At thoughtbot, a small group of us are building Poppins, an iPhone app for
keeping your GIFs and memes in good order (obviously an important task). It’s a
simple app. It consists of: a collection view, a detail view, and the ability to
share and manage items using iOS’
it being so straightforward, we were free to explore, get creative, and allow
the interactions to shine.
We started the design of Poppins by promptly getting lost in interaction and animation fantasy land. The design team used pen and paper to sketch out some unique solutions and came up with detailed animation concepts. It was a great start, but when it came time to actually build the product, describing each animation to the development team proved to be a foggy and confusing process. The problem was that pen and paper only went so far. Our sketches didn’t help answer the utmost question: are these ideas feasible to implement within a fixed timeline?
What is Pixate? Well, Pixate helps designers build native prototypes without code. It’s a great product that allowed us to focus on Poppins’ interactions very quickly. We validated our ideas using working prototypes within minutes (more complex interactions took around half an hour). When presenting the concepts to the development team, we were able to share usable samples. These lead to a smoother back-and-forth and easier implementation.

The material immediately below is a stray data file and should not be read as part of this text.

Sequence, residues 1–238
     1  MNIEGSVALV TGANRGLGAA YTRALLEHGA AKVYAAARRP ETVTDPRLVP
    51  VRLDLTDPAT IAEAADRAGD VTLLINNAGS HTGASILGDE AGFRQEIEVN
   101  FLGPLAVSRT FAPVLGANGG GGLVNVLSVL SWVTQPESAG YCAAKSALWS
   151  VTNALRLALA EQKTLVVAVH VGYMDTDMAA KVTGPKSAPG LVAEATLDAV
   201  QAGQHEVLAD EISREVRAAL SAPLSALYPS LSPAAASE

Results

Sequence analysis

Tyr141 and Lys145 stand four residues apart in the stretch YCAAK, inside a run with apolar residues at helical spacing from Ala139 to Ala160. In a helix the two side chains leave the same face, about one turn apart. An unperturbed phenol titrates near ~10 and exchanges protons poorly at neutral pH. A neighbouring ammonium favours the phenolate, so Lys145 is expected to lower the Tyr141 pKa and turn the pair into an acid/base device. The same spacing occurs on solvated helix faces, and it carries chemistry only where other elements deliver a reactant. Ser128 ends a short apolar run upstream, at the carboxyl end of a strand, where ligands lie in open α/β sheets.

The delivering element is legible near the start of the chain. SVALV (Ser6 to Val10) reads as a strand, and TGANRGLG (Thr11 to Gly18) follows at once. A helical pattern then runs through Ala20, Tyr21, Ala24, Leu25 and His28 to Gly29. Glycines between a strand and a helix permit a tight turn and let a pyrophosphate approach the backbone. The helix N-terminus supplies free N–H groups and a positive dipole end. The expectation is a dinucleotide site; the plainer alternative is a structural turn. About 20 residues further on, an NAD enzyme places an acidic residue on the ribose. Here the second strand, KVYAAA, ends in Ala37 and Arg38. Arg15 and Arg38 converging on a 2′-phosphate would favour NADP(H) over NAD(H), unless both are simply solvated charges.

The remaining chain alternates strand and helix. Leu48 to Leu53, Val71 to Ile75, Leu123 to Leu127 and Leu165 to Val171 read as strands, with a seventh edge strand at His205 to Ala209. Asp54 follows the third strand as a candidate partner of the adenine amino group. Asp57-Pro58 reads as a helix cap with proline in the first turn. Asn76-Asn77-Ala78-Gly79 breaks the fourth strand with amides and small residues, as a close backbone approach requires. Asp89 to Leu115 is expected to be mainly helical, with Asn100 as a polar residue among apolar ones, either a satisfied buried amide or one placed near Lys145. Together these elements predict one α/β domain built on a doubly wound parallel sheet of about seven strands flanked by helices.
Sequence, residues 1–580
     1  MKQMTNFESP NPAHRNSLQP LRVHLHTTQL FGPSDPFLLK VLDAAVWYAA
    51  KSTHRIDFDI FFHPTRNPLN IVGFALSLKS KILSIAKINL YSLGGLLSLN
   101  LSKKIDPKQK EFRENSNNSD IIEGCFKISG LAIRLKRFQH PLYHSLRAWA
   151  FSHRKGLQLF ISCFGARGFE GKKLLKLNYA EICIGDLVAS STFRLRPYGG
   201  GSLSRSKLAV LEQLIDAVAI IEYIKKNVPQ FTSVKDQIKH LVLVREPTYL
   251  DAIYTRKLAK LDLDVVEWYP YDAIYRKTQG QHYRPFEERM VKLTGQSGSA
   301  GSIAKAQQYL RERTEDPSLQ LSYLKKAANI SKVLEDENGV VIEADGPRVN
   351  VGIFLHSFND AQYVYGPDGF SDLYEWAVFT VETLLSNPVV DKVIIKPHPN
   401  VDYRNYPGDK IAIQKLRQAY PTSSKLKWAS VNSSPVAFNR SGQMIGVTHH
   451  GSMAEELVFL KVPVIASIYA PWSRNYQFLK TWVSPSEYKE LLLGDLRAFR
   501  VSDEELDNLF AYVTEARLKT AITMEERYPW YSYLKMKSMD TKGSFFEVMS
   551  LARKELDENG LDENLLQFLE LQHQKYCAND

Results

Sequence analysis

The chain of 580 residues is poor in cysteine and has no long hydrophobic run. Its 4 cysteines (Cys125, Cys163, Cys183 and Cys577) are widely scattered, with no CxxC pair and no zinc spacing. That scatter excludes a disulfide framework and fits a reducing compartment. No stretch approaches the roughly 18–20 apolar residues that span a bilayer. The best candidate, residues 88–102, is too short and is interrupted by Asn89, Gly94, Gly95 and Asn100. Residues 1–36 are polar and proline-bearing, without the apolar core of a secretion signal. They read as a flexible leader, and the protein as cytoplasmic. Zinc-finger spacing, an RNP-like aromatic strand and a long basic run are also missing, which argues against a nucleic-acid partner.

In many photo gallery apps, there is a clear distinction between the collection view and the detail view. If you want to look through your photos, you scroll through a grid of thumbnails and tap to expand one. Then you swipe left or right to progress through your images one by one. With Poppins, we wanted to design a faster, more intuitive, way for users to navigate their files.
Our solution was something that allowed users to view their image at full size and in context, and to quickly flick-and-scroll through everything as a whole. We came up with this: We combined the collection view with the detail view and organized the collection view into two columns, one for GIFs and one for memes. To get to the larger “detail” view, a user would swipe left or right to expand a column to the full screen width. This way, they can focus on one image at a time like they’re used to in their Camera Roll, but never be separated from the rest of their files.
To test our thinking, we jumped into Pixate. By using shape layers rather than prepared assets, we produced a prototype in no time. To start, we created two tall rectangles (a blue “All Gifs” layer and an orange “All Memes” layer) and grouped each with a bunch of smaller gray rectangles acting as image placeholders.
Because Pixate doesn’t have a pre-made “Swipe Right” option, we used a draggable invisible layer (named “Draggable”) to fake the swiping interaction. The layer had a transparent appearance and a max offset of 100px from the left edge to ensure that it didn’t end up off the canvas. The “All Gifs” and “All Memes” layers were then given animations (Move and Scale) that reacted depending on the “Draggable” layer’s position. For example, if “Draggable” was moved 100px from the left edge, “All Gifs” would scale 2x and reposition accordingly, and “All Memes” would move off the screen. The result was snappy and, with some tweaks to the transition delay and duration, felt natural to use in hand.